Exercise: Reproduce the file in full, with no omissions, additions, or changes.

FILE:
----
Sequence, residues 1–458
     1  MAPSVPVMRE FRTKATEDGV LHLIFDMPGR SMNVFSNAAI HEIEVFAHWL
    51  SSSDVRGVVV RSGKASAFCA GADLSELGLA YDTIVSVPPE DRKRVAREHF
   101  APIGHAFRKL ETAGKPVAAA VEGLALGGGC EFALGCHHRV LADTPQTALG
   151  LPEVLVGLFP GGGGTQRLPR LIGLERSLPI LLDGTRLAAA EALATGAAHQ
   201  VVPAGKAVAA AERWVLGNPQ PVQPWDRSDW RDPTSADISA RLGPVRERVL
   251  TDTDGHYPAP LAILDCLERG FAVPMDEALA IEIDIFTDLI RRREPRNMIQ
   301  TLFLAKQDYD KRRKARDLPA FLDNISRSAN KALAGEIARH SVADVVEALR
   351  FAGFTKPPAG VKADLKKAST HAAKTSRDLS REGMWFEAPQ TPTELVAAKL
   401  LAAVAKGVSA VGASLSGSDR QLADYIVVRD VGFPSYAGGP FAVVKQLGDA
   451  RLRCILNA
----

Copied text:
Sequence, residues 1–458
     1  MAPSVPVMRE FRTKATEDGV LHLIFDMPGR SMNVFSNAAI HEIEVFAHWL
    51  SSSDVRGVVV RSGKASAFCA GADLSELGLA YDTIVSVPPE DRKRVAREHF
   101  APIGHAFRKL ETAGKPVAAA VEGLALGGGC EFALGCHHRV LADTPQTALG
   151  LPEVLVGLFP GGGGTQRLPR LIGLERSLPI LLDGTRLAAA EALATGAAHQ
   201  VVPAGKAVAA AERWVLGNPQ PVQPWDRSDW RDPTSADISA RLGPVRERVL
   251  TDTDGHYPAP LAILDCLERG FAVPMDEALA IEIDIFTDLI RRREPRNMIQ
   301  TLFLAKQDYD KRRKARDLPA FLDNISRSAN KALAGEIARH SVADVVEALR
   351  FAGFTKPPAG VKADLKKAST HAAKTSRDLS REGMWFEAPQ TPTELVAAKL
   401  LAAVAKGVSA VGASLSGSDR QLADYIVVRD VGFPSYAGGP FAVVKQLGDA
   451  RLRCILNA